Barents region sets the bar for success in fishing


With some of the healthiest stocks in the world, Norway and Russia’s successful co-management of cod stocks in the Barents Sea can be seen as a model for marine conservation in countries, like Canada, that have struggled in this area.


While Atlantic cod stocks in the Barents Sea thrive, those on Canada’s northeast coast are struggling to survive. Canadians overfished their cod stocks in the last 50 years while Norway and Russia were formalizing longstanding collaborations on responsible management of fish in the shared sea. The thriving cod fish stocks in the Barents Sea are a testament to Norway and Russia’s history of cooperation in the region.

Canada’s Atlantic cod stock was decimated by overfishing and shut down by the country’s government in 1992. This was after scientists found that nearly none were left in the region. Cod populations in Canada have declined by up to 99 percent since the 1960s. Now some scientists say the fish have reached such low numbers in some areas that they may no longer be able to replace themselves.

According to a report released by a Canadian government cod in the North Atlantic off the coast of Canada are at serious risk of extinction. The situation is quite the opposite on the Eastern side of the Atlantic.

The North-East Arctic cod in the Barents Sea is one of the few remaining cods stocks in reasonably good condition in the world. According to a report by the Norwegian Ministry of Fisheries and Coastal Affairs:

-Close cooperation between the two countries ensures a rational joint management of these fishery resources.

The Joint Norwegian-Russian Fisheries Commission was also established in 1975 to co-ordinate fishing efforts in the region. The countries have annual quota agreements recommended by the International Council for the Exploration of the Sea (ICES).

Reidar Toresen of the Institute of Marine Research said the success in the Barents Sea is also partly due to nature.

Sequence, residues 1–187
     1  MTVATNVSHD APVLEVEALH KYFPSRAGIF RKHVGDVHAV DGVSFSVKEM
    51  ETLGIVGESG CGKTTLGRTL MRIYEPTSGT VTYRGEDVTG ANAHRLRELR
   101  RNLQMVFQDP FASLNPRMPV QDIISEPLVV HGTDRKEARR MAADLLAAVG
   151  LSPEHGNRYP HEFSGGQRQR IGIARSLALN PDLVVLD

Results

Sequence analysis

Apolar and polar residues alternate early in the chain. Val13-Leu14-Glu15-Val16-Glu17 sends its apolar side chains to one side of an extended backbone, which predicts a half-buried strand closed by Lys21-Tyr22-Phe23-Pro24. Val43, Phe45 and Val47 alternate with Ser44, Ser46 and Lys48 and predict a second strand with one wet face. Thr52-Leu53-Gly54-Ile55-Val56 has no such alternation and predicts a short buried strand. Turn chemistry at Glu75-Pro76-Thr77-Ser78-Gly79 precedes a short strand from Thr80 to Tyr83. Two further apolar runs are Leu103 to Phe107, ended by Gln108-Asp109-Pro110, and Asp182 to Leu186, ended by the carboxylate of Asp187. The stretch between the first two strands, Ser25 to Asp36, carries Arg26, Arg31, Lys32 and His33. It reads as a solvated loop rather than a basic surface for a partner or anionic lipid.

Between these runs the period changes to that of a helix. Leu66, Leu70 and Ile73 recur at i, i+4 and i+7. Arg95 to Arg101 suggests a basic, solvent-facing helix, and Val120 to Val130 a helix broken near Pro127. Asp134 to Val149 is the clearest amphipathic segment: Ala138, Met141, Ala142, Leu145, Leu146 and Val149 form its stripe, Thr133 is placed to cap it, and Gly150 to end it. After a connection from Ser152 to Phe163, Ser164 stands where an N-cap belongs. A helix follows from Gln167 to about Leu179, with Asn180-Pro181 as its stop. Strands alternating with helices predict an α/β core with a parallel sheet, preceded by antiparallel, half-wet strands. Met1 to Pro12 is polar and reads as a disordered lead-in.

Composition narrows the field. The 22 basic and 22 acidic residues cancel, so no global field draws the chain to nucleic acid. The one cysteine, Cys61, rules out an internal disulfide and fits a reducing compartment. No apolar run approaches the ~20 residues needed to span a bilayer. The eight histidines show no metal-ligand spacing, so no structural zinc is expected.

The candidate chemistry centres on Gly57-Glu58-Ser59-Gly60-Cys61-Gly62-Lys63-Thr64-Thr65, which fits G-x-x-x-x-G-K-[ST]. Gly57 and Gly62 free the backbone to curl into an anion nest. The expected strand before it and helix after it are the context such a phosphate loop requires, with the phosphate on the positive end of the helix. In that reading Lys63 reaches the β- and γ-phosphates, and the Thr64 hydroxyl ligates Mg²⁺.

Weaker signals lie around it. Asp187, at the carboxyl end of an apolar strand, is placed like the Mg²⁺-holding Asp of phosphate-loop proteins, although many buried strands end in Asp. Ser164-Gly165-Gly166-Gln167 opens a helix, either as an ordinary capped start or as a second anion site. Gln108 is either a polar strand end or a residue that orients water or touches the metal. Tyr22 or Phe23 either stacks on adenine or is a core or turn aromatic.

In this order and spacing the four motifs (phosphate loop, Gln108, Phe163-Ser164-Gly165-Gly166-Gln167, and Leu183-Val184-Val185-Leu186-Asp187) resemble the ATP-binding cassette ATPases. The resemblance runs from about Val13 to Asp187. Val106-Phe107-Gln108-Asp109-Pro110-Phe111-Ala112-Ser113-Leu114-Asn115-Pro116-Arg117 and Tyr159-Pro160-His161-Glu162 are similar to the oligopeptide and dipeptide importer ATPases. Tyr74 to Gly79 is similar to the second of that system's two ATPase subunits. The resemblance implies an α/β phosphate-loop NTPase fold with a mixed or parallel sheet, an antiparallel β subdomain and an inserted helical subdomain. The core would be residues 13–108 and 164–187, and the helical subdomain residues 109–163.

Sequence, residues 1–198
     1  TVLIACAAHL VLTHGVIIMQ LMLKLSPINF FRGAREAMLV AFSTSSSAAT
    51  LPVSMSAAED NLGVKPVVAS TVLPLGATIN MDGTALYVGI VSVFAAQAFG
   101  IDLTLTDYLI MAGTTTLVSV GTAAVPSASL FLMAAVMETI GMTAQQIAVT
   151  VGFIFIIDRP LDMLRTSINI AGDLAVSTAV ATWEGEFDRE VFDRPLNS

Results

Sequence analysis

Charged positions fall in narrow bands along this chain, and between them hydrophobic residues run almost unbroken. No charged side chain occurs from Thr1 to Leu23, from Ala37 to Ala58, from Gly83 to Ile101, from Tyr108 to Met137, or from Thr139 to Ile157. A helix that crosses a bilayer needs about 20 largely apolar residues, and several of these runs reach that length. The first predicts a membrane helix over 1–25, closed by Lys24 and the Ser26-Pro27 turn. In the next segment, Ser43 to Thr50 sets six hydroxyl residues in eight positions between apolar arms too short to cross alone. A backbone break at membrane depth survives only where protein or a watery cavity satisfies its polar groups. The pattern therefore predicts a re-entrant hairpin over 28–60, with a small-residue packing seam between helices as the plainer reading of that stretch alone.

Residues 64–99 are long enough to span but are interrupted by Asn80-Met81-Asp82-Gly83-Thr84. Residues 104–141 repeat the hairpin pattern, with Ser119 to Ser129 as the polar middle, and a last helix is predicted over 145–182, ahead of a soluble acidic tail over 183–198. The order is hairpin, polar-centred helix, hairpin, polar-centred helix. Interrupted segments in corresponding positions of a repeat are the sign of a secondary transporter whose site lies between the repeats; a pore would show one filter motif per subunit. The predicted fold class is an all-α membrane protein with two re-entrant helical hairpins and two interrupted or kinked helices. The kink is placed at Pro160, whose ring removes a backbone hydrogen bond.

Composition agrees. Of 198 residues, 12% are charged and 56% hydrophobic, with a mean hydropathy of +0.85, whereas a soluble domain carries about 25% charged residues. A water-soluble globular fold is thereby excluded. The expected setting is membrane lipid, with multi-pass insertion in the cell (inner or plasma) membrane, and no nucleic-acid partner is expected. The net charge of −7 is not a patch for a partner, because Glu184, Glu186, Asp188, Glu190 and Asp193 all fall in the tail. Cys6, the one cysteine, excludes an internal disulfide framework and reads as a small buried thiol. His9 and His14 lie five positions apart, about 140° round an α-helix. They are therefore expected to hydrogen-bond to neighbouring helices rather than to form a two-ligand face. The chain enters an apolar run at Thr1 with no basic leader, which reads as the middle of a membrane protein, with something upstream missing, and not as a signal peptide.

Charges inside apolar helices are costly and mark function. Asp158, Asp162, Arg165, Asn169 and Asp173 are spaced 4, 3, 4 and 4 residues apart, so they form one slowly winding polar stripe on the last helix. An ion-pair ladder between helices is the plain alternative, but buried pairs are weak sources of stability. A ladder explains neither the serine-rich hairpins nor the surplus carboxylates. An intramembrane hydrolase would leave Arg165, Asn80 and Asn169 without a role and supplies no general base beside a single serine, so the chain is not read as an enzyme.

-It’s easier to manage fish stocks when conditions in nature are positive, where young fish stocks can survive. It’s good to have nature on your side, he said.

But if conditions in nature become less agreeable, Toresen seems confident in the management practices in the Barents Sea.

-The systems that are in place are robust enough to cope if the stocks do decrease.

Dr. Jeff Hutchings, a biology professor at Dalhousie University in Canada and marine conservation expert, explains that in the 1980s fishing pressure on cod stocks were too high in both Norway and Canada, but Norway was able to reduce that pressure dramatically through new ways of setting quotas.

Norway and Russia have clear targets, reference points for limits on fishing and harvest control rules in place. According to Hutchings, Norway and Russia agreed on a harvest control rule in 2004 and -today they have one of the healthiest fish stocks in the world.

But it is not simply an issue of poor management in Canada. Hutchings noted the potential benefits of co-managing fish stocks.

-It might actually result in a more conservation-minded approach when you’ve got two countries doing something.

In contrast, solitary management in Canada’s case with no external in-put or pressure may be part of why the cod stocks in Canada are so far below those in the Barents Sea.

-An interesting difference is the degree to which Norway and Russia both recognize that this is an incredibly lucrative industry and a valuable industry and that it’s in their long-term interest to do something positive about it, he added.

Another important factor in the Barents success is having an outside body like ICES involved to give non-political advice and stock quotas.

-It’s very important that there’s an outside group with participation from Norwegians and Russians, said Toresen.

More recent challenges for the joint commission include how to address the problem of illegal, unreported and unregulated (IUU) fishing in the Barents Sea. Authorities in both countries were very active in creating regulations to combat IUU and pursuing ships that fished illegally in the sea. Between 2005 and 2008 IUU fishing of in the Barents Sea has been reduced by 84 percent according to the Norwegian Ministry of Fisheries and Coastal Affairs.

Marine researchers at the ICES agree that the shared stocks in the Barents Sea are managed and harvested in a sustainable way. Cod stock destruction on level found in Canada should not be a concern for the fishing industry in the Barents Sea.

Co-operation has been an important part of the health of cod stocks in the Barents Sea.

-We could do it on our own, but it’s positive with cooperation you get other views, Toresen 

The Commission has set a quota of 607 000 tons of cod in the Barents Sea for 2010.

Written By Chantaie Allick